Scheduling. The scheduling functionality of Epic was generally thought to be an improvement over the legacy practice management systems. Our respondents were especially pleased at enhanced functions like a module that allows patients to be scheduled to a specific room and care provider at the center. The software was also praised for its sensitivity to concerns specific to consolidated health centers, such as a mechanism that verifies that each patient has a paying agency affiliated with them (if applicable). None of the centers we spoke with had major complaints regarding this aspect of Epic’s functionality.
Electronic Claims Submission. Many centers using the Epic suite reported that their accounts receivable and cash flow are now more predictable due to the standardization of electronic claims submission. Respondents praised special features of the system such as built-in logic that allow identification of potential coding errors. We were told that the Epic software permits better identification of coding inaccuracies before the claims are mailed, increases the likelihood that insurance claims are mailed at all, and improves the centers’ chances of receiving grants because grantors take the centers’ robust infrastructure as a signal that the practice is managed effectively.
Although respondents recognized that the ability to submit claims electronically is a great improvement from the centers’ legacy systems, certain respondents desired a more streamlined billing process. Some reported that having OCHIN as an intermediary (between health centers and claims clearinghouses/payers) tends to slow the process down and that in the past OCHIN has not always submitted claims to payers or McKesson on a standard, predictable schedule.
Issues with custom billing. Because there are so many variations in how centers bill their patients and payers, Epic has had to customize its system to accommodate centers’ individual needs, such as adding different modules for sliding fee schedules. This customization process presented occasional difficulties during its implementation. For example, one consolidated health center reported problems with the sliding scale system they use to accommodate their vulnerable patient population. Because they did not have time to adequately test the application during Epic’s implementation at their center, there were some gaps left in the system relative to their needs and the center experienced financial setbacks as a result. These issues have now reportedly been resolved. Other clinics have experienced some problems with electronic claims submission to Aylers, which is the contractor the Oregon Public Health Department uses to distribute payments specific to the Family Planning Expansion Project (FPEP). In these cases as well, the respondents indicated that they would have liked more time to assess the requirements of the health centers pre-implementation.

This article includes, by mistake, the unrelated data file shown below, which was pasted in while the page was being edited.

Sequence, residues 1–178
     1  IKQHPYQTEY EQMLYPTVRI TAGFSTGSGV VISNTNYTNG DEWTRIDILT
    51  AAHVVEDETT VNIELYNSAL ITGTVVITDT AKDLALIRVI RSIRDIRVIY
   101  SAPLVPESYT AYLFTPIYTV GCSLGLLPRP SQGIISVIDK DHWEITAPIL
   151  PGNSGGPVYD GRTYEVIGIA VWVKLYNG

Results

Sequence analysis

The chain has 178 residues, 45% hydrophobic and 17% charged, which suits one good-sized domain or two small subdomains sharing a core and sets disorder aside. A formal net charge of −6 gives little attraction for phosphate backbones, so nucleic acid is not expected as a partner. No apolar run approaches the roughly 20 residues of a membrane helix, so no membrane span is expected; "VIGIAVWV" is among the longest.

It should be noted that billing complications were not attributed solely to the Epic system. One respondent noted that providers do not always fill out the paperwork correctly (for example, certain items are not always coded properly), which results in delayed or insufficient payment. Also, several of the billing issues mentioned by respondents were attributed to the process of implementing a system of Epic’s capacity in health centers. In general, respondents recognized that billing problems were often not the result of poor management on OCHIN’s part or inferior quality of the software: they assumed that the difficulties the health centers had experienced would inevitably arise in the course of launching a specialized IS collaborative.
Out-of-State issues. Some OCHIN centers, especially the out-of-state IPM partner in Seattle, WA, experienced difficulties when billing claims to Medicaid programs. In customizing the system for use by the Pike Market Medical Clinic of Seattle, OCHIN was not always able to identify potential problems or differences in the Medicaid billing office requirements or processes ahead of time in order to avoid delays or complications. For example, in Oregon, procedure codes must be bundled to be submitted to their Medicaid office for payment. Washington’s Medicaid office, however, does not recognize bundling. Early on this issue resulted in some payment denials for the health center. Although this problem has largely been resolved, Pike Market still reports issues with the billing component of the practice management system, which has resulted in declining cash collections and rising accounts receivables. Currently, Epic is customizing its system for use in the California consolidated health center and may be able to avoid some the complications it has faced in its implementation in Washington.